The intrinsic value of an art education. / by Kirk Dunkley

To date, I have had the great fortune and distinct pleasure of working with students of all ages. I have helped teachers develop lesson plans that use creative engagement as a catalyst for curriculum delivery, and have witnessed first-hand the moment a child's mind ignites as they suddenly grasp a completely new concept. As children progress through school, and their minds expand to comprehend more complex concepts, they develop strands or pathways between different conceptual ideas. Children begin to understand parallel relationships between these conceptual ideas, and are able to think in incredibly innovative ways. By delivering curriculum materials to students in ways that require parallel relationships be identified, they are inherently learning to think in very abstract and divergent ways. If students are challenged to solve problems by looking for these parallel relationships, great problem solving ability becomes tacit. It is divergent problem solving that is at the core of design thinking, and context specific problem solving; that is coming up with tailored solutions to problems rather than developing blanket solutions based on generalizations. 

 Speaking to an engaged group about design thinking. 

Speaking to an engaged group about design thinking. 

Educational institutions provide students with a variety of strategies to engage and respond to problems. While convergent problem solving methodologies work, I believe that divergent creative strategies are more conducive to responding to a larger variety of problems. The artistic method is divergent and context specific; it is an intuitive reaction to everyday material. The study and practice of fine arts develops the conceptual framework for this type of open-ended problem solving capacity, and is fundamental in the development of creative thinking.

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As a fine-arts educator within post-secondary fine arts programs, I engage students with creative challenges while conveying knowledge about appropriate historical context, technical processes, material science, and conceptual development. Through a dialogic and hands-on approach, I strive to present the subject matter in a captivating and accessible way, while remaining sensitive to the various skill levels and learning styles within the group.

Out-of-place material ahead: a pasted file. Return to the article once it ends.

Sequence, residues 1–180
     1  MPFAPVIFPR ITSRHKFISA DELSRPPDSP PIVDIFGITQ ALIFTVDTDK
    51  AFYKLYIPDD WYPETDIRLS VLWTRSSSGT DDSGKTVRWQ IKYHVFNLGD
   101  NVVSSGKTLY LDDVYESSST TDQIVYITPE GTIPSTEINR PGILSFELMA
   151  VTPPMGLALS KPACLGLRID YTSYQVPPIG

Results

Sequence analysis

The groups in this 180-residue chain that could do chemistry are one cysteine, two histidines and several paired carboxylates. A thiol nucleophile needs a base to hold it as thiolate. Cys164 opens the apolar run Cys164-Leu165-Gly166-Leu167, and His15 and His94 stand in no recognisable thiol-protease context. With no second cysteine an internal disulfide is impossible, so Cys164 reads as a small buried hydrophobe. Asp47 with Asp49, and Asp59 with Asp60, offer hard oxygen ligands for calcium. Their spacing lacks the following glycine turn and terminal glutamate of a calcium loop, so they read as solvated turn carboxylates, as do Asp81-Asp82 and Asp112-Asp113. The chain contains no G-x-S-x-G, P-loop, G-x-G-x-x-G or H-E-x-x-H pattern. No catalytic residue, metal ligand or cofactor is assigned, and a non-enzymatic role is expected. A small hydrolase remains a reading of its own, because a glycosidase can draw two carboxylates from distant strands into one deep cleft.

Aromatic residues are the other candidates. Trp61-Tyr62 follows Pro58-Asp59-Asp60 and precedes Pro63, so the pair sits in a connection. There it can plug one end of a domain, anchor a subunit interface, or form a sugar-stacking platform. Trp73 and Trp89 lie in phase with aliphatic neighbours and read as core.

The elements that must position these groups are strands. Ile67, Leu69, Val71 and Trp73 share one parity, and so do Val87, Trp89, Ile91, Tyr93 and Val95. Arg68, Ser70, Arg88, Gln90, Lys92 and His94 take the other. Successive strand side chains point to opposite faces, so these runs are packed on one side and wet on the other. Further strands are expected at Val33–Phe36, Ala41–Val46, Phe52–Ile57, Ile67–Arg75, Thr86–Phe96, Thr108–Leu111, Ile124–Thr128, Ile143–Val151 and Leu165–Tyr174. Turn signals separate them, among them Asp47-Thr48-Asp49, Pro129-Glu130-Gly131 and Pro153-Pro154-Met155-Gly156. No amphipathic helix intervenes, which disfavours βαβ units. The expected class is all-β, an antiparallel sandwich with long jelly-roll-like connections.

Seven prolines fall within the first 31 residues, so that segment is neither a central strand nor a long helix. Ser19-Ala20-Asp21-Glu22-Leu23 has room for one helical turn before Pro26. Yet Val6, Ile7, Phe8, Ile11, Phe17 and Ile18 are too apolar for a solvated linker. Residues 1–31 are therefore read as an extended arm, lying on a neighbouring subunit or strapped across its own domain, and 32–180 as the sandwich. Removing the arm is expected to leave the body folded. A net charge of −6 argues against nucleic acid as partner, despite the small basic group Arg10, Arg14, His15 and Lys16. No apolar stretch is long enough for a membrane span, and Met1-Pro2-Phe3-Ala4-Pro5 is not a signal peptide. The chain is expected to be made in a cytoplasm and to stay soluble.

The tactile dimension opens a vast number of problem solving strategies not accessible by other means.

The tactile dimension opens a vast number of problem solving strategies not accessible by other means.

I feel very strongly that it is the duty of the educator to impart knowledge specific to the creative and technical problem-solving skills required not only for producing an artwork and learning in academia, but in preparation for a life-time of learning and engaging the world artfully and critically. Students should leave every class with improved creative and technical skills, greater confidence in their capabilities, and a developing passion for the arts that is at least as great as mine.

In fundamental studio classes, the most instrumental activity should be the making of art. Art making should be the result of explorations surrounding fundamentals and principles of design, critical thinking, materials and processes, concurrently with the study of important sculptural movements in classic and modern history. Introductory sculpture classes should survey the various conceptual and aesthetic styles, while introducing students to a variety of basic sculpting techniques. As students progress into advanced classes, a greater emphasis should be placed on conceptual development and theoretical discourse. While continued development of technical proficiency would be expected at this point, students should be able to clearly and concisely articulate their artistic intent. Creative parameters should exist as a guiding tool, and students should begin to explore sculptural concepts independently in order to further develop their own conceptual direction and technical skills. The notion of "classic" form-based sculpture should be challenged, and students should be encouraged to engage and articulate an idea through installation, digital media, and other mediums that can conceptually be justified as "sculptural". 

 Critical engagement via dialogue. 

Critical engagement via dialogue. 

Throughout any fine arts program, students should engage in regular studio critiques to establish an open dialogue between their artworks and the works of others. Initially critiques should serve as a tool for students to evaluate the effectiveness of an artwork, and specify what goals they are trying to accomplish both technically and conceptually. As students develop the skills necessary to articulate their conceptual motivations, they should be challenged in a mediated and constructive environment to defend their ideas. Collaborative critiques provide students with the feedback and the practice necessary to express and articulate their artistic intentions, and allow the students to build confidence speaking about their concepts among peers.

As an educator, I am motivated by the opportunities that I have to make a positive impact on the lives and minds of students; I find this to be extremely fulfilling. Observing the development of each student inspires me to teach, and sustains my passion for educating. In particular, the most rewarding aspect of teaching is the opportunity that I have to witness the growth of the minds of students. I am energized and inspired to teach when students discover new ideas for the first time, and become instantly engaged in the moment. As an ambassador of the arts, an artist, and an educator, it is the “Eureka” moments like these that truly validate my professional and personal involvement in the arts.